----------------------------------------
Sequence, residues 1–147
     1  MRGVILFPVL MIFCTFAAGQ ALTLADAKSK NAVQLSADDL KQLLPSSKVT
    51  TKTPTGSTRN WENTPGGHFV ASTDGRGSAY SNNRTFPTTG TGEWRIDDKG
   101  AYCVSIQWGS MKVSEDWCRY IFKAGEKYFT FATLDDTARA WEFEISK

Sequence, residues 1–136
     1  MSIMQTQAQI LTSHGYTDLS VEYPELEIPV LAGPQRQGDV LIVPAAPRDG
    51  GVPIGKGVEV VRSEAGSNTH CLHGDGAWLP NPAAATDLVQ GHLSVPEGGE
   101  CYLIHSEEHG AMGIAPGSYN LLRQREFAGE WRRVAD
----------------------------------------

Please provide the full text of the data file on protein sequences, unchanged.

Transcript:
Sequence, residues 1–147
     1  MRGVILFPVL MIFCTFAAGQ ALTLADAKSK NAVQLSADDL KQLLPSSKVT
    51  TKTPTGSTRN WENTPGGHFV ASTDGRGSAY SNNRTFPTTG TGEWRIDDKG
   101  AYCVSIQWGS MKVSEDWCRY IFKAGEKYFT FATLDDTARA WEFEISK

Sequence, residues 1–136
     1  MSIMQTQAQI LTSHGYTDLS VEYPELEIPV LAGPQRQGDV LIVPAAPRDG
    51  GVPIGKGVEV VRSEAGSNTH CLHGDGAWLP NPAAATDLVQ GHLSVPEGGE
   101  CYLIHSEEHG AMGIAPGSYN LLRQREFAGE WRRVAD